“Preaching peace” at Somali mosque

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The February 25 open house at the Somali Abubakar As-Saddique Islamic Center was intended to invite the surrounding community in, but it also gave members of the mosque and greater Somali community an opportunity to voice their opinions and concerns about the way their place of worship and the Somali diaspora are seen by the local media and greater community.

“It seems the media only focuses on the negative perspective of the Somali community,” Aqiya Mohamed, a University of Minnesota and mosque member said. “They tend to focus on more of the dramatic or more of the interesting news.”

Mohamed said that instead of focusing on only the “newsworthy” stories, the media should show the greater community all aspects of the Somali Diaspora.

The Abubakar mosque has been under increased scrutiny in the past few months, after the news broke that several Somali men from Minneapolis who returned to Somalia to fight in the country’s civil war attended the mosque.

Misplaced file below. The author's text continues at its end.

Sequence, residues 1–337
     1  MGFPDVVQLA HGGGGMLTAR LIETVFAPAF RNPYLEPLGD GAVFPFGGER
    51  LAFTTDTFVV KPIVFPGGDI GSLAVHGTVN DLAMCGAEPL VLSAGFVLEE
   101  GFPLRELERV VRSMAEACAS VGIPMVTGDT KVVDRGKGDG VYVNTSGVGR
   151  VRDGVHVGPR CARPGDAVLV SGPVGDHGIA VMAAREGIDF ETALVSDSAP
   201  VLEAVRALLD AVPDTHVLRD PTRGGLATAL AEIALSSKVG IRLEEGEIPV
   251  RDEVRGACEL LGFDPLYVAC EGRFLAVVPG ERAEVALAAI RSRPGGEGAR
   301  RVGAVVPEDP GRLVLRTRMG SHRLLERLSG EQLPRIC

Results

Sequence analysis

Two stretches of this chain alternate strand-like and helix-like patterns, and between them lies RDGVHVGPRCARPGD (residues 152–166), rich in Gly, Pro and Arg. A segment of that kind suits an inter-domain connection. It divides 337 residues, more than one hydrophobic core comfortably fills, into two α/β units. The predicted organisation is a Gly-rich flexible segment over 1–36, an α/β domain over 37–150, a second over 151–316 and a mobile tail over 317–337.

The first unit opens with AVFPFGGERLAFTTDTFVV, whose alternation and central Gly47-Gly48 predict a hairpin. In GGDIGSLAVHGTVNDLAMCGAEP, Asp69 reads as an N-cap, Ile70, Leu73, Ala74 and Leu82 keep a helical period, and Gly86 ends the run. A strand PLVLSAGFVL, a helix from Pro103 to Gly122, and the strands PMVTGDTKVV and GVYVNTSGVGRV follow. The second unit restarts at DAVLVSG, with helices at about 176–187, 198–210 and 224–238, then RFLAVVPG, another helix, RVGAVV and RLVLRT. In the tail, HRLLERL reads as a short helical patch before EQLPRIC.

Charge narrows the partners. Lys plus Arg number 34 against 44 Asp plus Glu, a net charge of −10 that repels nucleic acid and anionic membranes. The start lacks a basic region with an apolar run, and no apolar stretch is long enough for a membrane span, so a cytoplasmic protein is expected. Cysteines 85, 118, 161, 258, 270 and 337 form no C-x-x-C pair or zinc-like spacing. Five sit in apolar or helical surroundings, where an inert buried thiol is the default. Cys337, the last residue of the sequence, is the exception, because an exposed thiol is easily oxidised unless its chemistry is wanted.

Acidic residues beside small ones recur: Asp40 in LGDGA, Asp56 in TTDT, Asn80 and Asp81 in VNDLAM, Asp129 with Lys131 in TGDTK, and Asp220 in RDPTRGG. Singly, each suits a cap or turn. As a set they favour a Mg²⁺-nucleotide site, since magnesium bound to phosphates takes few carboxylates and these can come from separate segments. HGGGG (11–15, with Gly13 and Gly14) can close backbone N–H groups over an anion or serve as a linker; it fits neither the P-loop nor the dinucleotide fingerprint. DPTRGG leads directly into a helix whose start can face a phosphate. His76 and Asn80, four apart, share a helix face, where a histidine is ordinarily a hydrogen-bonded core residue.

Abdirahman Ahmed, the Imam of the mosque, said the open house was an attempt at transparency and to show the mosque had a place in the greater community.

“All the mosques, all the Islamic centers, they are part of this society. They are contributing good things to the society,” Ahmed said. “They are not a place of radical ideas. I want [Minnesotans] to see that we are immigrants, but we are [also] Minnesotans.”

Saddiq Macalin, a member and volunteer at the mosque for ten years, explained why Somalis are every bit as American as native Minnesotans.

“You are born here, you have no choice [but] to be here. I had a choice to come here,” Macalin said. “I struggled to be here…everyone [in Minnesota] is an immigrant from somewhere else, unless you are a Native American.”

Imam Ahmed reiterated that nothing the mosque taught or preached influenced the young men’s decision to leave for Somalia. “I don’t think the teachings here affected them,” Ahmed said. “They are Islamic teachings. They are not radical teachings. I do not know where it came into their minds to leave the country.”

Amina Saleh, a mosque member who is also a Somali community organizer with Family & Children’s Service echoed the Imam’s statements, and said it doesn’t make sense for the mosque to recruit young Somalis for war.

“We left our country because of war, we don’t want to bring hatred. We preach peace,” Saleh said.

Nathaniel Minor is a student at St. Thomas University and an intern at the Twin Cities Daily Planet.

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